Get new posts by email:

How to Use this Blog

BOOZHOO! We've amassed tons of information and important history on this blog since 2010. If you have a keyword, use the search box below. Also check out the reference section above. If you have a question or need help searching, use the contact form at the bottom of the blog.

We want you to use BOOKSHOP! (the editor will earn a small amount of money or commission. (we thank you) (that is our disclaimer statement)

This is a blog. It is not a peer-reviewed journal, not a sponsored publication... WE DO NOT HAVE ADS or earn MONEY from this website. The ideas, news and thoughts posted are sourced… or written by the editor or contributors.

EMAIL ME: (outlook email is gone)


Monday, April 29, 2024

Sindy Ruperthouse disappeared 10 years ago. Her family is still waiting for answers #MMIWG

'We just want to know,' says father of missing Algonquin woman

A picture of a woman, smiling at the camera
Sindy Ruperthouse was last seen on April 23, 2014, in the Val-d’Or hospital in northwestern Quebec. (Submitted by Johnny Wylde)

In 10 years, Johnny Wylde has never changed his phone number.

He says he never will.

It's the same one he had on April 23, 2014, the day his daughter, Sindy Ruperthouse, went missing.

Even though a decade has passed, he still keeps the ringer on, the phone glued to his hip.

"She knows what my number is if she's still alive," said Wylde, taking a pause. "I don't know what to think."

All Wylde wants to hear is Ruperthouse's voice on the other end of the line — a woman his family remembers as a caring big sister who loved life and made her parents proud.

He says his family needs closure and that it was not like her to skip town.

Wylde thinks there's only a one per cent chance she's still alive.

Ruperthouse, an Algonquin woman from the Pikogan community in northwestern Quebec, was last seen April 23, 2014, at the hospital in Val-d'Or, Que. The 44-year-old had been injured with multiple broken ribs.

Wylde and his wife, Émilie Ruperthouse Wylde, last spoke to her by phone, when she asked for money to bail her boyfriend out of jail, says Wylde. They had refused.

"Today we think about that," said Wylde.

Her parents allege she was beaten by her boyfriend — who they have since written to, begging for information.

For years, Wylde travelled across Quebec, putting up billboards and conducting searches in forests and cities in the James Bay area, Montreal, Quebec City and Ottawa.

Three women look at the camera holding a photo of another woman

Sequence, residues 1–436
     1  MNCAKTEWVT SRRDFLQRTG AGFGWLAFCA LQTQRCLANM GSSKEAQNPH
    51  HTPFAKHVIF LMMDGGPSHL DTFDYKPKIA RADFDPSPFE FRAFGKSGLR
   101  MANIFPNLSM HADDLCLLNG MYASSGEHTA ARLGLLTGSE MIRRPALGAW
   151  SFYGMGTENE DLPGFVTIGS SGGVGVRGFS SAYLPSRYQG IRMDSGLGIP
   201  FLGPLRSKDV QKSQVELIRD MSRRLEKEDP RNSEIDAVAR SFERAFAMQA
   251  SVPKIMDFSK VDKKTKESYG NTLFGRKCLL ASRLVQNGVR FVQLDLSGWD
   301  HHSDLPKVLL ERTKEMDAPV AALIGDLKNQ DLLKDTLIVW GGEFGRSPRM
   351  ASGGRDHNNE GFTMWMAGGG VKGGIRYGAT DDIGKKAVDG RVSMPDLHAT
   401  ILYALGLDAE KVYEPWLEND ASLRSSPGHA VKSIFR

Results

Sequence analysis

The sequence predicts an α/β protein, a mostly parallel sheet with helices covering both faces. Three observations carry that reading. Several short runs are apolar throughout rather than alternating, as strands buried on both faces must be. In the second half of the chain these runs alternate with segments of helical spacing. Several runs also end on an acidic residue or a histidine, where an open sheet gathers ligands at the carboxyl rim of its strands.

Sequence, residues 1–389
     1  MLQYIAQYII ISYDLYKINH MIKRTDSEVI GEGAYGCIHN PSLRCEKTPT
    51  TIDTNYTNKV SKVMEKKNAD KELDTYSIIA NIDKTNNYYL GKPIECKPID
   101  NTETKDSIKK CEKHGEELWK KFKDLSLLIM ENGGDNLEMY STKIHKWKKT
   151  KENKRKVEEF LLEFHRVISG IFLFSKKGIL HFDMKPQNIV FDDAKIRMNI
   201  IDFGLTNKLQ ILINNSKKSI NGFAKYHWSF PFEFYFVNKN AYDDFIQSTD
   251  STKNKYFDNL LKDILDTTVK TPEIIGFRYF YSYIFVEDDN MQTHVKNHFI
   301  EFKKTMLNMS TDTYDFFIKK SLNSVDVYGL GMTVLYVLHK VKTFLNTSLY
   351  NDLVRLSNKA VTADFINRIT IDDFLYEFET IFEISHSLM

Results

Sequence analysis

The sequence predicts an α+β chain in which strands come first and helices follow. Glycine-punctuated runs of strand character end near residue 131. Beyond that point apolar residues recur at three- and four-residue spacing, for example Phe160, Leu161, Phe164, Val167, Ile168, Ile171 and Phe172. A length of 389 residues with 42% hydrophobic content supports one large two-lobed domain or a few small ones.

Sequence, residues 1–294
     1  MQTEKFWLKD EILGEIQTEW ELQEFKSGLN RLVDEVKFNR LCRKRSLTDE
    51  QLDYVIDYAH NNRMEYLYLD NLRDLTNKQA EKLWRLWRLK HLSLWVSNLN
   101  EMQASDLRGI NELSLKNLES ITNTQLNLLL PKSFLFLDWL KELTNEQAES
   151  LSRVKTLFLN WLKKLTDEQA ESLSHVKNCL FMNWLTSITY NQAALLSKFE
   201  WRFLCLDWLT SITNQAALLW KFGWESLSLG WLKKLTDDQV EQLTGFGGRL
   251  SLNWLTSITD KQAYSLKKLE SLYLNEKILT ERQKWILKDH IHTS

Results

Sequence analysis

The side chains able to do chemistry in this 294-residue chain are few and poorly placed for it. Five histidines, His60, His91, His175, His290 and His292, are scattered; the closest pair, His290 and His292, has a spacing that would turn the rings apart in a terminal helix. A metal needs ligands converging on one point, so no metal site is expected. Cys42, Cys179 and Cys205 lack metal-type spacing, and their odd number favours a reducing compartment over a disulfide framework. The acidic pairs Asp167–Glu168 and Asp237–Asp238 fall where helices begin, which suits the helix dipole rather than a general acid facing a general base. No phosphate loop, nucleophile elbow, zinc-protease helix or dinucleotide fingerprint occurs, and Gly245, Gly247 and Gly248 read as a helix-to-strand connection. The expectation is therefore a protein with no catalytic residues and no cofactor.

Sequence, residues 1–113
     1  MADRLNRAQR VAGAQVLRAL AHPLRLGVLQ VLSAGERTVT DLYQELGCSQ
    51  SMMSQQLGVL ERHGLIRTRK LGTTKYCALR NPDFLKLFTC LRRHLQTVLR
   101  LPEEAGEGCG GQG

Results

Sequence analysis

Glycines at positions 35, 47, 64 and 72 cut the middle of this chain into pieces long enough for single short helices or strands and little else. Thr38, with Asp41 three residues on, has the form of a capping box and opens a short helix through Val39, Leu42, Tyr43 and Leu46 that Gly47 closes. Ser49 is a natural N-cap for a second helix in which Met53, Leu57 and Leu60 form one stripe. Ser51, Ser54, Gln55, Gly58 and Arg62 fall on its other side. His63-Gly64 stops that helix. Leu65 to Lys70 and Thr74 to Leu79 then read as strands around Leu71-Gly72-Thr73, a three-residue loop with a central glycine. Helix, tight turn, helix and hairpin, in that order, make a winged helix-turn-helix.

Joan Wylde, her mother, Émilie Ruperthouse-Wylde and sister Kathy Ruperthouse want answers to what happened to Sindy Ruperthouse. (Jessica Gélinas/Radio-Canada)

"Every big city [but] I didn't find her," said Wylde.

"The family encouraged me to do that. If I'm still alive, I'm going to do everything."

A few days before the anniversary of her disappearance, Wylde received a call from provincial police who informed him that the $40,000 reward first issued by Sun Youth would be reinstated for anyone who has information that can lead to finding Ruperthouse.

A news release from provincial police says Ruperthouse's case remains the subject of an investigation, and since April 1, 2020, has been under the division of disappearances and unsolved cases.

"Since the start, several searches and verifications have been carried out in an attempt to find her," read the release.

But Wylde says not enough was done to find her.

"We just want to know," he said.

'It's like running out of air,' says sister

Radio-Canada's investigative program Enquête looked into her case, in the process, uncovering a larger story about allegations of assault by police against Indigenous women.

"If I put my energy on the SQ [Sûreté du Québec], I'm gonna get mad all the time," said Wylde.

A couple sits at a table with paperwork in front of them
John Wylde and Emily Ruperthouse Wylde have been searching for their daughter for more than two years. They say police have not done enough to help. (CBC)

"They do what they want to do, and I do what I have to do. I've been waiting for 10 years … and nothing happened."

He says the case has changed investigators five times. No one has ever been charged.

Joan Wylde, Ruperthouse's youngest sister, says they didn't get answers from police.

"The police never told us anything," said Wylde.

She says her sister's disappearance "hurts like it was yesterday."

"We need to know. You can't live like this. It's like running out of air. That's how we feel," said Wylde, speaking with Radio-Canada.

WATCH | Joan Wylde describes sister as 'someone who loved life':

Sindy Ruperthouse's sister still prays for her to come home

A decade after her sister disappeared, Joan Wylde says her family is still trying to heal.

She says finding out what happened will provide the family with closure.

But she fears that her parents, now elderly, won't be around when the truth finally comes to light.

A billboard with a woman's face on it. It says Sindy missing since April 2014.
A billboard, pictured years ago with the photo of Sindy Ruperthouse outside her hometown of Pikogan, Que. (Julia Page/CBC)

"My father doesn't even go into the woods anymore because there's no signal," says Wylde.